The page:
Deutsche Bank AG (Europe)


All around the world

Boasting more than 80,000 employees across 72 countries, Deutsche Bank truly has a global footprint, with particularly strength in Europe and its homeland of Germany.  Deutsche Bank's international presence encompasses retail banking branches, corporate and investment banking and asset management.  It's made up of two main divisions: corporate and investment bank (CIB), and private clients and asset management (PCAM). The whole group is directed by a management board, which controls resource allocation, accounting and disclosure, strategy and risk management.


Deutsche Bank's corporate and investment bank group oversees the capital markets (origination, sales and trading), corporate advisory, corporate lending and transaction banking businesses.  It also oversees mergers and acquisitions, and gives general corporate finance advice primarily to global corporations, financial institutions and sovereign entities.
Deutsche Bank's private clients and asset management group, or PCAM, comprises two subdivisions: asset and wealth management services, and private and business client services. Its asset management services include traditional asset management and alternative investments, the latter encompassing absolute-return strategies and specialist real estate asset management.  Its client base includes retail clients and institutional investors such as pension funds.   The asset management group at Deutsche Bank is one of the largest asset managers in the world.  The bank's private wealth management division caters to high-net-worth individuals and families. It offers traditional and alternative investments, risk management strategies, lending, wealth transfer planning and philanthropic advisory, among others services.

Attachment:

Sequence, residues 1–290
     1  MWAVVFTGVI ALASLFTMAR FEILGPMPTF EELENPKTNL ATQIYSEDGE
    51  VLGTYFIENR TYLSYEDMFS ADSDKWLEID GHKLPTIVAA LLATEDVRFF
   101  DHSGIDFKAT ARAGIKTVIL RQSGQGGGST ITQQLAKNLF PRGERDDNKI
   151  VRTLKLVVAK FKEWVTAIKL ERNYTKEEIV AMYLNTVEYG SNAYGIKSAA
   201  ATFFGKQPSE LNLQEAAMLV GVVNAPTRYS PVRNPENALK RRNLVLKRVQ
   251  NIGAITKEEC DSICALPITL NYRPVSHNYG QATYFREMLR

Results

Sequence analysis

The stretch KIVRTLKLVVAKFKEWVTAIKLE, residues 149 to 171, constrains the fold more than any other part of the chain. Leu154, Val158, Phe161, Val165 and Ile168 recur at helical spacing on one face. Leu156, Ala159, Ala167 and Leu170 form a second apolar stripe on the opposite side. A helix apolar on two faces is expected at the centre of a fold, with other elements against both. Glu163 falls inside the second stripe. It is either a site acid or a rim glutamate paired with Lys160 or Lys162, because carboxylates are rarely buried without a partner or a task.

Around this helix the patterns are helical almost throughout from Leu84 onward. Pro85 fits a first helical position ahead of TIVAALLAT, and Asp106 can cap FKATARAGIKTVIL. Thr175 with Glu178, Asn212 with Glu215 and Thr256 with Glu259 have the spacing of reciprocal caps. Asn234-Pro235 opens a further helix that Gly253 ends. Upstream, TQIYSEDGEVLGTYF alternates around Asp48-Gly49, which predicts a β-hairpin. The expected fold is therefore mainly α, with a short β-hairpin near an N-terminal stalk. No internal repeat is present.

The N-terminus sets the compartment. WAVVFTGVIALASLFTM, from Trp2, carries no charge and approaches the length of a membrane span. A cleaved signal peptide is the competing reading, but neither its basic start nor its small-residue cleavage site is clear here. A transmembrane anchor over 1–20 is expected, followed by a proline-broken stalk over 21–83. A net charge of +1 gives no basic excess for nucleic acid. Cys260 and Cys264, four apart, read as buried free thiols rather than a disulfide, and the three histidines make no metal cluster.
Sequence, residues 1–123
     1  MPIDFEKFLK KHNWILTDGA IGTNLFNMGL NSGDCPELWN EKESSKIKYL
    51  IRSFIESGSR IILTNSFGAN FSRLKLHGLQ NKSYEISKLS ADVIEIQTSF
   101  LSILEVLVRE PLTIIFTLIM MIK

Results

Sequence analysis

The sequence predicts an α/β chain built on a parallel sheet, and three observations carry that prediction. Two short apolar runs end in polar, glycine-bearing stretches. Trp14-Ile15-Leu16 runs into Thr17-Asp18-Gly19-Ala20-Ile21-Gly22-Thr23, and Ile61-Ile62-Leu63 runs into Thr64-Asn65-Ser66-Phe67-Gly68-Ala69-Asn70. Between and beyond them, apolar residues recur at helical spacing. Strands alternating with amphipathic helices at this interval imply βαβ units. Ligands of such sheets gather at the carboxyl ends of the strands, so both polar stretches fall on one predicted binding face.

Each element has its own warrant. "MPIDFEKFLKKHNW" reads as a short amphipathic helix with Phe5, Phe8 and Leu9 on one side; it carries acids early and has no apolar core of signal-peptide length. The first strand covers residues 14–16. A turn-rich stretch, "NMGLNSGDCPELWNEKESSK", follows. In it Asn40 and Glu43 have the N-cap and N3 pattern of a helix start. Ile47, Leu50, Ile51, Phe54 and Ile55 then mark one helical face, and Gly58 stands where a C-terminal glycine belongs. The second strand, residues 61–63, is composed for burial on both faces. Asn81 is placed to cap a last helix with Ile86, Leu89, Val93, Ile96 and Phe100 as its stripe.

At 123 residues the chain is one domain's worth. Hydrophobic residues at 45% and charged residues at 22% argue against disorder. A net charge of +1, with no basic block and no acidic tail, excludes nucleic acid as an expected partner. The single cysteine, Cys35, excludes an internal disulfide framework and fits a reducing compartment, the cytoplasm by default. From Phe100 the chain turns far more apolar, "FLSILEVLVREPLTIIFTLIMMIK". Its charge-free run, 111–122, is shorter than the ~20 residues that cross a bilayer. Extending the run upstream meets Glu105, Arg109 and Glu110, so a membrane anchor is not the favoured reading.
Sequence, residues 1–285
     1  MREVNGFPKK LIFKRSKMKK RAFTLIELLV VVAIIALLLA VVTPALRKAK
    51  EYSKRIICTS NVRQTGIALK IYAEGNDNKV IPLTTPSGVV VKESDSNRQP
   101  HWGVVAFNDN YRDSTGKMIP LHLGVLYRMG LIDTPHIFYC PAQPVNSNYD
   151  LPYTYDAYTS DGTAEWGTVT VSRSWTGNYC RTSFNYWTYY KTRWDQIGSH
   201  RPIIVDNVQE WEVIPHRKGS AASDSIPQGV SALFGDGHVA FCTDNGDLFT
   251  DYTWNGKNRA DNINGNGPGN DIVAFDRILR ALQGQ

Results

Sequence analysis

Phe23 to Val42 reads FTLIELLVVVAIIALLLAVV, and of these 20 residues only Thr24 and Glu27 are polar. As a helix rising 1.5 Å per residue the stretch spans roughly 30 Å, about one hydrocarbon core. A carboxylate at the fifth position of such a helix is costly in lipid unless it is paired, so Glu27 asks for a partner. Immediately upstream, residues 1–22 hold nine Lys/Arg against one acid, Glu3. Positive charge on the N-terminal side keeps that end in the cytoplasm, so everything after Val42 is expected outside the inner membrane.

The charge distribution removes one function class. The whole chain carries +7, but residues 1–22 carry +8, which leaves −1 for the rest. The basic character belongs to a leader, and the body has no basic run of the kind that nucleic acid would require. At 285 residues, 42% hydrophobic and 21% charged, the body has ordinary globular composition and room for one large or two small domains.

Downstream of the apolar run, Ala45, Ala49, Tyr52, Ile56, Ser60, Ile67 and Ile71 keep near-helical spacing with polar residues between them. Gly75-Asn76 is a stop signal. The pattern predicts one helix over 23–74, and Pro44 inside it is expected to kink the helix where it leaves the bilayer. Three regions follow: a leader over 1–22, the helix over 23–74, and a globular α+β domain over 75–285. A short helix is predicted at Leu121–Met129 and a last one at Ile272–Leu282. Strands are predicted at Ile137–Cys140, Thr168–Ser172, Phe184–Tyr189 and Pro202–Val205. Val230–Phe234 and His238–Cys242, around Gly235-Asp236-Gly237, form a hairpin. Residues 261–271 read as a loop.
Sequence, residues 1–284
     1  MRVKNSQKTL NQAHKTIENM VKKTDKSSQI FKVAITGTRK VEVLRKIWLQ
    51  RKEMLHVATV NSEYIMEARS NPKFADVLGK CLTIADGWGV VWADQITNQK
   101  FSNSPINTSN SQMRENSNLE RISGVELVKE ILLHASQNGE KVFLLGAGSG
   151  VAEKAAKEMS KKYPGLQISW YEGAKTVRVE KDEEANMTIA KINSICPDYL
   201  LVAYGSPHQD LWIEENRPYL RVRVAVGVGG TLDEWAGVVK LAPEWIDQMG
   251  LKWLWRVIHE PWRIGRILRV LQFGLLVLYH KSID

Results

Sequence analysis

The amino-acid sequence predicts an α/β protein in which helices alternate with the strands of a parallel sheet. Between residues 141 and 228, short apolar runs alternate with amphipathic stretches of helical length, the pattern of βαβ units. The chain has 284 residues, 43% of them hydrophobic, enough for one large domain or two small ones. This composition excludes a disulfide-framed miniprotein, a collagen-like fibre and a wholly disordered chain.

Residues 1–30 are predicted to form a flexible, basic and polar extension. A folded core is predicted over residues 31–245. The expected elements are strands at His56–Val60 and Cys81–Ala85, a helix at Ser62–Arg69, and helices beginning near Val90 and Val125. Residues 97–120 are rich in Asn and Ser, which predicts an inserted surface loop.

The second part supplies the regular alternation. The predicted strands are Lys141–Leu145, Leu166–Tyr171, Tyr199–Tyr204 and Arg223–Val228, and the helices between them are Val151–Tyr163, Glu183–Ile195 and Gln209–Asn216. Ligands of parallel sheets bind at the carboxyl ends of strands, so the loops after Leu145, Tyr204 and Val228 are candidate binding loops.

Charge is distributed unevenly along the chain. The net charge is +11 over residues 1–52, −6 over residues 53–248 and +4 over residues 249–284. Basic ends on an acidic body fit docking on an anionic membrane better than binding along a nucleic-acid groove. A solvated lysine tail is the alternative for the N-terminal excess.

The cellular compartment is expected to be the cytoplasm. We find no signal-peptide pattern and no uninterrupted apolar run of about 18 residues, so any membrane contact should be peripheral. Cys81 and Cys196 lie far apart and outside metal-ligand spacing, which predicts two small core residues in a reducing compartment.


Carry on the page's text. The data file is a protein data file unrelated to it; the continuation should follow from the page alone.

A complex history
In 1870, a private banker named Adelbert Delbruck and a politician named Ludwig Bamberger opened Deutsche Bank in Berlin as a specialist bank for foreign trade.  By 1876, it had become the largest bank in Germany and, by 1880, investments were scattered across the globe, including in North and South America, Eastern Asia and Turkey.  Before the turn of the century, the German giant had invested in projects like the Northern Pacific Railroad in the U.S. and the Baghdad Railway.
After World War II, Deutsche Bank closed its offices in Soviet-occupied areas and was scattered into 10 regional offices while western Germany was under occupation.  By 1957, the bank had regained its footing as a unified Deutsche Bank AG with headquarters in Frankfurt am Main.  By 1986, the firm made its first major bank acquisition outside of Germany with the purchase of Banca d'America e d'Italia.  Other acquisitions included the Morgan Grenfell Group (1989), the U.S. Bankers Trust (1999), the U.S. asset manager Scudder Investments (2002), the Swiss private bank Rued Blass & Cie (2003) and the Russian investment bank United Financial Group (2006).


DB's shares have been listed on the Berlin Stock Exchange since the bank's birth in 1870.  The bank also listed in Frankfurt in 1880, on the Paris Stock Exchange (now Euronext) in 1974, on the Brussels exchange (also now Euronext) in 1979, in Tokyo in 1989 and on the New York Stock Exchange in 2001.
Nothing like a pat on the back
The year 2009 got off to a good start for Deutsche Bank.  On January 19th, DB was named the Best Investment Bank 2008 in the Asia Pacific region (excluding Japan) by The Asset magazine.  Also in January 2009, Risk Magazine named DB's loan exposure management group the Credit Portfolio Manager of the year, for the fourth year in a row.  Other recent awards include Global Trade Review naming the firm the Best Global Structured Commodity Finance Bank, and Treasury Management International naming DB the Best Global Cash Management Provider for the second year in a row.


The firm also took home many awards at the end of 2008.  In December 2008, Finance Asia magazine named DB the Best Bank, and in November 2008, Structured Products magazine awarded DB with the titles of both Hedge Funds House of the Year and Structured Funds House of the Year.  Also in November 2008, DB was named Equity Derivatives House of the Year and Derivatives House of the Year (excluding Japan) by AsiaRisk magazine.



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Deutsche Bank AG (Europe)

Taunusanlage 12
Frankfurt 60325
Phone: +49 699 103 8080


  • Employer Type: Public
  • Stock Symbol: NYSE
  • Stock Exchange: FWB
  • Chief Executive: Dr. Josef Ackermann
  • 2010 Employees: 81,929

Major Office Locations

  • Frankfurt, Germany

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